SKIF: A Data Imputation Framework for Concept Drifting Data Streams

Publisher:
ACM
Publication Type:
Conference Proceeding
Citation:
Proceedings of the 19th ACM Conference on Information and Knowledge Management & Co-Located Workshops (CIKM 2010), 2010, pp. 1869 - 1872
Issue Date:
2010-01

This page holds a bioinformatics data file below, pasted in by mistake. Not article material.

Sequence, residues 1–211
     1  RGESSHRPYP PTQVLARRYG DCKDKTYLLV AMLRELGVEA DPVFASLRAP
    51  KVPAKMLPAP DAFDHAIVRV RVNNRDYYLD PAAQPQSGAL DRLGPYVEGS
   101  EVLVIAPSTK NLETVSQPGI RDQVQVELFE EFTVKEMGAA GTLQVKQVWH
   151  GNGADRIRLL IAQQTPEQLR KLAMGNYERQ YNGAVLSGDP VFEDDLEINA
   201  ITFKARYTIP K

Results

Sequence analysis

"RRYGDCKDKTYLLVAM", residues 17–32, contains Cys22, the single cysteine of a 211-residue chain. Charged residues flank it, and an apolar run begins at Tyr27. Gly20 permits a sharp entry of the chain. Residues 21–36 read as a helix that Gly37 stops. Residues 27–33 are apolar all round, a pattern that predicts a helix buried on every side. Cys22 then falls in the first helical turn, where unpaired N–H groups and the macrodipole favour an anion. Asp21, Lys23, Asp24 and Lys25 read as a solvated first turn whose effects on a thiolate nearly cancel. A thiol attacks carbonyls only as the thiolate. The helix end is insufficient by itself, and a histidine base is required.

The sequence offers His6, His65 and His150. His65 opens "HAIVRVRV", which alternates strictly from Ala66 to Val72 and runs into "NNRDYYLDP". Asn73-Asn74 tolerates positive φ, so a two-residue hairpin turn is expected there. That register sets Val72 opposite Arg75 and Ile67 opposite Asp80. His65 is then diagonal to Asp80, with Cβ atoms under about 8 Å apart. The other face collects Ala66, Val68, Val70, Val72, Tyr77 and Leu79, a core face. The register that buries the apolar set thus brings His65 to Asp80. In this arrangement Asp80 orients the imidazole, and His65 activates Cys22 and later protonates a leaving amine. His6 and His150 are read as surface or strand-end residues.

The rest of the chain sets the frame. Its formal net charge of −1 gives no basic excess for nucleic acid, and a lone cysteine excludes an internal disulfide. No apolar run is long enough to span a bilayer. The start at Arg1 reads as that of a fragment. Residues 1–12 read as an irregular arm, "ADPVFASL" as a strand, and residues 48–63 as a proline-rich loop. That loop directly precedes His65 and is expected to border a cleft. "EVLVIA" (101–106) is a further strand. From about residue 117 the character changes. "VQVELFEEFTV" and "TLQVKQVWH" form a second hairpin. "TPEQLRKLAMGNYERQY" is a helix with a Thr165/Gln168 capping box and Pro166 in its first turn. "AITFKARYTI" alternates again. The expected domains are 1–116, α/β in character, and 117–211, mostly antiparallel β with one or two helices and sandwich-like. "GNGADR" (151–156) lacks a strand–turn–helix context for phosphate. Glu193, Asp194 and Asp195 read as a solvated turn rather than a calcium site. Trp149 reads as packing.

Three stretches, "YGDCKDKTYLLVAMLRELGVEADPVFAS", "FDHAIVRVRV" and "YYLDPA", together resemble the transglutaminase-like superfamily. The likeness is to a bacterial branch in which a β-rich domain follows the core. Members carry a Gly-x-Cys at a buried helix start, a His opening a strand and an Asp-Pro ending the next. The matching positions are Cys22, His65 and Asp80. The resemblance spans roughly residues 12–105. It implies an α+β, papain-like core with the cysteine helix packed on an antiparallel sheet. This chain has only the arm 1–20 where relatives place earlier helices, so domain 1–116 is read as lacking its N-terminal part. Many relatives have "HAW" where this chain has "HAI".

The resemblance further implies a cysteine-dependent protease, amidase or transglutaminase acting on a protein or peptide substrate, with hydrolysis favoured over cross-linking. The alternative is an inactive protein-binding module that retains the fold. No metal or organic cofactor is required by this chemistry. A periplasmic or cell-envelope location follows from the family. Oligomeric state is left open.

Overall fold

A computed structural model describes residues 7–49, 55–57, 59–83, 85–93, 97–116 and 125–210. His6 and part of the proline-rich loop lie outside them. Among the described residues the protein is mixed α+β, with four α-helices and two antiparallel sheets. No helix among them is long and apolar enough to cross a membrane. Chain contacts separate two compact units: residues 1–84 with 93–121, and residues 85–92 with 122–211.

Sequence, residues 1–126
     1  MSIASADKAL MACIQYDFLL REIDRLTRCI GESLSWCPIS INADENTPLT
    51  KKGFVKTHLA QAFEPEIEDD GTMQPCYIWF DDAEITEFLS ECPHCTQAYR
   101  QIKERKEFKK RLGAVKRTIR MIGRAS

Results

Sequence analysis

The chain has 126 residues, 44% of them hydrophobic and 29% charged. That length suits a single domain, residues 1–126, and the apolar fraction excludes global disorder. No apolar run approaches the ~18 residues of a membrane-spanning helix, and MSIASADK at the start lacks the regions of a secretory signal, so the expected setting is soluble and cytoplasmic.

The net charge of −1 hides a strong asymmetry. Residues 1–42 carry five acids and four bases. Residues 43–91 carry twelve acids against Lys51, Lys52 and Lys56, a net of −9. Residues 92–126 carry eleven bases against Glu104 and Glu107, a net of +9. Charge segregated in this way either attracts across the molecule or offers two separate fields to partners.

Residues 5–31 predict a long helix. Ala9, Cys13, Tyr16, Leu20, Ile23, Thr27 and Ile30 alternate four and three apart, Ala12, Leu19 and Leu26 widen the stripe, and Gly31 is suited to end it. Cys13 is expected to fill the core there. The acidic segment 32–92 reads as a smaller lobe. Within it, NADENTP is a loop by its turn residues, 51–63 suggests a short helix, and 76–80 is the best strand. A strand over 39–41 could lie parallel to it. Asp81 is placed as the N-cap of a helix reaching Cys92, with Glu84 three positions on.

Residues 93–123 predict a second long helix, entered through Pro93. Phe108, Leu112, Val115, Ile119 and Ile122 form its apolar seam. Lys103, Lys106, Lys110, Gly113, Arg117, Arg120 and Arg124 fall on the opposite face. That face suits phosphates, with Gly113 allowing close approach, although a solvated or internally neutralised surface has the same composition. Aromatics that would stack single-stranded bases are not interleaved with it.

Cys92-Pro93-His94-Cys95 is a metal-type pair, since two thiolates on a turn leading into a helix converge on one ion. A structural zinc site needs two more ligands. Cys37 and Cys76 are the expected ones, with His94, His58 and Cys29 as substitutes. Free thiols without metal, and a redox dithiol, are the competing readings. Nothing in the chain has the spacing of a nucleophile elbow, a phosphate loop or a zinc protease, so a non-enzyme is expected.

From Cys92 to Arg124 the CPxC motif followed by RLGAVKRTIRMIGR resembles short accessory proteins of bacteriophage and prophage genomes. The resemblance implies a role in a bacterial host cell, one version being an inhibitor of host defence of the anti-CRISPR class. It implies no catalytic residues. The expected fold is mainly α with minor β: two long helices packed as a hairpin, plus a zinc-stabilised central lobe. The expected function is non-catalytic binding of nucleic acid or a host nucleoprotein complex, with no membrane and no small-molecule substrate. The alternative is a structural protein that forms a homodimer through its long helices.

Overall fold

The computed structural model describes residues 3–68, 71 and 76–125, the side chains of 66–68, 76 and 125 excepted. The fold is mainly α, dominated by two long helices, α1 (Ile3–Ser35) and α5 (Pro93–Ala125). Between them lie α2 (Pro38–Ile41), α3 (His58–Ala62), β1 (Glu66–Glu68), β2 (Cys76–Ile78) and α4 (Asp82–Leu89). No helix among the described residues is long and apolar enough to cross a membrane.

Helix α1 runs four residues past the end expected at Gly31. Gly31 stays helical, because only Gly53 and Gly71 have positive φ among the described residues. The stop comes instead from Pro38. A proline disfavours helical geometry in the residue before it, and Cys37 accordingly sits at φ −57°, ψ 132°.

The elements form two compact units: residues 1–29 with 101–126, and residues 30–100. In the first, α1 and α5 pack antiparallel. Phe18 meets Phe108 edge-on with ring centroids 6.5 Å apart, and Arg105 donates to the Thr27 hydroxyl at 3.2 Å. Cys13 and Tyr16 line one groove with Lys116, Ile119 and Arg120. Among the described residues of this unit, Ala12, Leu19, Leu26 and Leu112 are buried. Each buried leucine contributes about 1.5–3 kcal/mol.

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Missing data commonly occur in many applications. While many data imputation methods exist to handle the missing data problem for databases, when applied to concept drifting data streams, these methods share some common difficulties. First, due to large and continuous data volumes, we are unable to maintain all stream records to form a candidate pool for missing value estimation, as most existing methods commonly do. Second, even if we could maintain all complete stream records using a summary structure, the concept drifting problem would make some information obsolete, and thus deteriorate the imputation accuracy. Third, in data streams, it is necessary to develop a fast yet accurate algorithm to find most similar data for imputation. Fourth, due to dynamic and sophisticated data collection environments, the missing rate of most stream data may be much higher than that in databases, so the imputation method should be able to handle high missing rate in the data. To tackle these challenges, we propose a Streaming k-Nearest-Neighbors Imputation Framework (SKIF) for concept drifting data streams. To handle concept drifting and large volume problems in data streams, SKIF first summarizes historical complete records in some micro-resources (which are high-level statistical data structures), and maintains these microresources in a candidate pool as benchmark data. After that, SKIF employs a novel hybrid-kNN imputation procedure, which uses a hybrid similarity search mechanism, to find the most similar micro-resources from the large scale candidate pool efficiently. Experimental results demonstrate the effectiveness of the proposed SKIF framework for data stream imputation tasks.
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